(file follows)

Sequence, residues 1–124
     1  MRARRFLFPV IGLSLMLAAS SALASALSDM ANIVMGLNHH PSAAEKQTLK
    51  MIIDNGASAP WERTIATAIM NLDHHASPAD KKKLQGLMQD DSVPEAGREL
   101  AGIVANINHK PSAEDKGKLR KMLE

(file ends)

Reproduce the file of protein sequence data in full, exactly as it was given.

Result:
Sequence, residues 1–124
     1  MRARRFLFPV IGLSLMLAAS SALASALSDM ANIVMGLNHH PSAAEKQTLK
    51  MIIDNGASAP WERTIATAIM NLDHHASPAD KKKLQGLMQD DSVPEAGREL
   101  AGIVANINHK PSAEDKGKLR KMLE